The starry-eyed woman beside me was gazing at the museum display of a grand 19th century horse-drawn carriage.
“Wouldn’t it have been wonderful to have lived a couple of centuries ago?”
No, my dear, it wouldn’t. Think about it.
Unless you were born into money – and lots of it – life then was hard, nasty and dirty. The owner of that grand carriage had servants, but the vast majority of people lived with the endless drudgery of survival sans central heating, running water and electrical appliances. Travel, if you could ever afford it, involved whole new levels of discomfort and inconvenience.
Airplanes didn’t exist, so the masses traveled by rail or water – and neither was pleasant. Trains belched nasty great clouds of soot and steerage class on ships – the common method of trans-Atlantic passage for the lower classes – was unspeakably miserable.
Traveling today? Life is good. Yes, there are long lines to get through security and no, there isn’t much overhead baggage space in planes, but on the whole, travel by train, bus, airplane and ship is clean, fast, efficient and safe.
(I know…there are occasional plane crashes and terror attacks but those represent a tiny, tragic, percentage of the travel total. The vast majority of planes, trains and ships do their business safely and without incident.)
As I write this, I’m sitting in a sleekly modern train, gliding through the French countryside between Cannes and Marseilles. My comfortable seat is equipped with a foldout desk for my laptop and a plug so I won’t run out of juice before I finish writing this editorial. Through the large windows, I catch glimpses of sun on sea, rows of grapes in the vineyards, and the leafy green countryside. I’m hearing….nothing. The car is blissfully quiet, filled with sophisticated French passengers who have no interest in talking to me or anyone else. It’s lovely.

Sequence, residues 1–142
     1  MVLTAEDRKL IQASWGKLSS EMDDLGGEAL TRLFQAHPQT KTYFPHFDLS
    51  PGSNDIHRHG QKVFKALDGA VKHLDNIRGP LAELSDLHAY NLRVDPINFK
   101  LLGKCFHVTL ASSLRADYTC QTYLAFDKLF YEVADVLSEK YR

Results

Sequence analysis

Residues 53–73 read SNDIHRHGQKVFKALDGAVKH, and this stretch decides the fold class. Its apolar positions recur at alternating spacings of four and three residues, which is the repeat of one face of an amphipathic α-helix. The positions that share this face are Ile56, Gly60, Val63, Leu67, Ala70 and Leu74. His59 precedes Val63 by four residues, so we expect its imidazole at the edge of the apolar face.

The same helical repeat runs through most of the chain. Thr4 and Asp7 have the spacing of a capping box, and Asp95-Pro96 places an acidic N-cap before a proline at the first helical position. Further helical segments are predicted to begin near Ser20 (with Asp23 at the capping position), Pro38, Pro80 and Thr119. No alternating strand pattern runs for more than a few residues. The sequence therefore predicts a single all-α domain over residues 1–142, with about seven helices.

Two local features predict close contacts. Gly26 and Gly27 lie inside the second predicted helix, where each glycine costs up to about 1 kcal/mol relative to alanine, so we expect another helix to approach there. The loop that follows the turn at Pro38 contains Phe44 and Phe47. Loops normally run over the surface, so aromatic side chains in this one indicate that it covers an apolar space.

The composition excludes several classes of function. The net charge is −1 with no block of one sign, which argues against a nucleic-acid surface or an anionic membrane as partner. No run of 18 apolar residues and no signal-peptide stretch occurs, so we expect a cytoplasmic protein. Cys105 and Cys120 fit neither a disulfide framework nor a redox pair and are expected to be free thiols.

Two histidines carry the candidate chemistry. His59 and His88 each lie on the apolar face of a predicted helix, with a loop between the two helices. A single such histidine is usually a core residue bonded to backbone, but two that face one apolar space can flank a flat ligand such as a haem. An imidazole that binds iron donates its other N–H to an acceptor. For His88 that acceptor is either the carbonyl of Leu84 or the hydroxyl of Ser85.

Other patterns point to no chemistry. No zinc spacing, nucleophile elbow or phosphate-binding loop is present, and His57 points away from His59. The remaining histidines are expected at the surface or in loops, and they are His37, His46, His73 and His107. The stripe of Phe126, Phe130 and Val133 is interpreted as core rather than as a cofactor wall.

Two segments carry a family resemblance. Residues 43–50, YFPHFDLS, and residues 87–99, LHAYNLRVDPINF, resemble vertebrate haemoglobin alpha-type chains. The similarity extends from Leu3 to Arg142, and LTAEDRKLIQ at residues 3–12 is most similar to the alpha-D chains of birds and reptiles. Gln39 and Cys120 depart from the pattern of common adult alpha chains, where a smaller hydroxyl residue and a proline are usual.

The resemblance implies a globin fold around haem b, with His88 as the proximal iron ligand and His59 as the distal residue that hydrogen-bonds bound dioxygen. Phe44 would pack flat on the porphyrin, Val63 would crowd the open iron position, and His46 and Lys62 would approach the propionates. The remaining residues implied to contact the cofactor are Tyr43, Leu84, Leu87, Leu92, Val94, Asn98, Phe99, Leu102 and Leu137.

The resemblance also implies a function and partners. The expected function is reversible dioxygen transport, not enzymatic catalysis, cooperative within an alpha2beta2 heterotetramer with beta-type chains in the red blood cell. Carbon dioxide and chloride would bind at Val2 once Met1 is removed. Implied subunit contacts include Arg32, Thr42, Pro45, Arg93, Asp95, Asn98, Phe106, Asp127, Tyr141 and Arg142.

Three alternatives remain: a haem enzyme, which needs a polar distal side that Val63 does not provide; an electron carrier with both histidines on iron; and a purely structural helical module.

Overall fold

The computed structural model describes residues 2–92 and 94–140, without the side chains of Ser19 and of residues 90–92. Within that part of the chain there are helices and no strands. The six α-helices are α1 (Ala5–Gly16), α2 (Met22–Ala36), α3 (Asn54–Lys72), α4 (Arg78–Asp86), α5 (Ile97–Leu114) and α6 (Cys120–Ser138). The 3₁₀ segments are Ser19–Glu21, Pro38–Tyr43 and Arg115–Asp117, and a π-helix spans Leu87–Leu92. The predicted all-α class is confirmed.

I flew to France earlier this week and while I wouldn’t have minded a bit more room in my seat, I did cross an entire ocean – from Toronto to Paris and then on to Nice, in a matter of hours. Apart from getting through airport security, I did absolutely nothing and still managed to travel halfway around the globe.
In a few days, after another train trip – this time to Basel, Switzerland – I’ll board a river cruise ship to sail to Amsterdam. My stateroom will offer not only all the comforts of my house, including a well-appointed bathroom and free wifi, but also the services of a room steward who’ll materialize with water, fresh towels and treats each evening and tidy my room each morning. The chef will cook delicious meals and charming servers will spoil us rotten in the glitzy dining room.
And I’m not a member of the aristocracy – just a lucky peasant.
Admittedly, river cruise travel is expensive and not something the average person does without serious investment, but train, bus and even plane travel is within reach for many of us.
Recently, I heard a very funny comic who talked about sitting beside a guy who was ranting about the slow wifi on their flight. The comic said, “Slow wifi?! We’re drinking coffee in a big silver tube that’s rocketing us around the world in a few hours – and you’re griping about wifi?! Get a life!”
I’m with him. Travel technology today makes it possible for us to be at home for breakfast and in a different corner of the world for dinner, completely unruffled. Forget romantic views of the past, fellow wanderers – we’re lucky to be alive today.